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  • Writer's pictureBirgitta Sjöstrand

The Emotional Process of Change

What happens with our emotions when there is a big change?

The curve originated from Elizabeth Kubler-Ross in her work about the process of grieving. It was then adapted to process of change, John Fisher adapted it in his work on more extensive and numerous stages (anxiety, happiness, fear, threat, guilt, depression, gradual acceptance, moving forward and then a further dip…)

Reflect on changes you have experienced; how did you feel during the process?

The endings phase is the reaction phase - People say: "I don't know what to think about the change?"

The neural zone gives you resistance - "I think the change is a bad idea" Then comes the feeling of depression, being down in the dumps. When adequate time as lapsed, different time for different people, of course, we start experiment with thoughts: "What does this change mean to me and what are my options?" And it's a new beginning.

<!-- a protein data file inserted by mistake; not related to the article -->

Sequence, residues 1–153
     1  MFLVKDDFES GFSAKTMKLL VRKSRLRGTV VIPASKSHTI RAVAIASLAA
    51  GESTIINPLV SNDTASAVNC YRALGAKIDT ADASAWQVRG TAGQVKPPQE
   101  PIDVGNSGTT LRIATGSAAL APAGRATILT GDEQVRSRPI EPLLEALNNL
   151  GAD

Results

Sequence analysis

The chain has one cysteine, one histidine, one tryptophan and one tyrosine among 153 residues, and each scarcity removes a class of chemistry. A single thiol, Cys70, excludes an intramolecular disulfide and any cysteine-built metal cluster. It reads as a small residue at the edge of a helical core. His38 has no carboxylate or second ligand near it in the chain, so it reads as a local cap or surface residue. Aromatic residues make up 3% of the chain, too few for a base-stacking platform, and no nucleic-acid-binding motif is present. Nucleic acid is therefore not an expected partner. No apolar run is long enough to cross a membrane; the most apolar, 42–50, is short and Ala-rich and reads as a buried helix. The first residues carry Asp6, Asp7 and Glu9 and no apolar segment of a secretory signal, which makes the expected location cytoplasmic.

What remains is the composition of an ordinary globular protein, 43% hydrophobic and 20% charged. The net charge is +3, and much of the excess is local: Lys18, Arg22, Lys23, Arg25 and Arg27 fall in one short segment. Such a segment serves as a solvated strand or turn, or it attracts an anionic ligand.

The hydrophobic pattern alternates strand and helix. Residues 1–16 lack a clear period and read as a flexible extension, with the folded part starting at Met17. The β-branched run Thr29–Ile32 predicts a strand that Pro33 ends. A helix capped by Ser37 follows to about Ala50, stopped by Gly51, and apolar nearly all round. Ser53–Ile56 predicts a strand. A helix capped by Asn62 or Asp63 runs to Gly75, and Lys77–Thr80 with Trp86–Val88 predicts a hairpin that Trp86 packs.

Finally we feel committed. "Now I know what I want and am prepared to do it."

Some people go through the curve quickly, for others it takes a long time. How long time does it take you normally? If there is a big change initiated by someone else? Truthfully...

Think about it.

I you are the person initiating change beware, and emphasise the need to move people through the curve and away from Depression – this stage is the most dangerous and is often where organisations lose good people if they get stuck in the depression stage on the curve.

Phase 1: Endings

Phase 2: Neutral zone

Phase 3: New beginnings

Think about, at each stage what will people feel, think, and importantly what will they say? Consider the behaviour and language they will be using, this will give you a good indication of where your people are in the process at any point in time.

Do you think differently about your change now?

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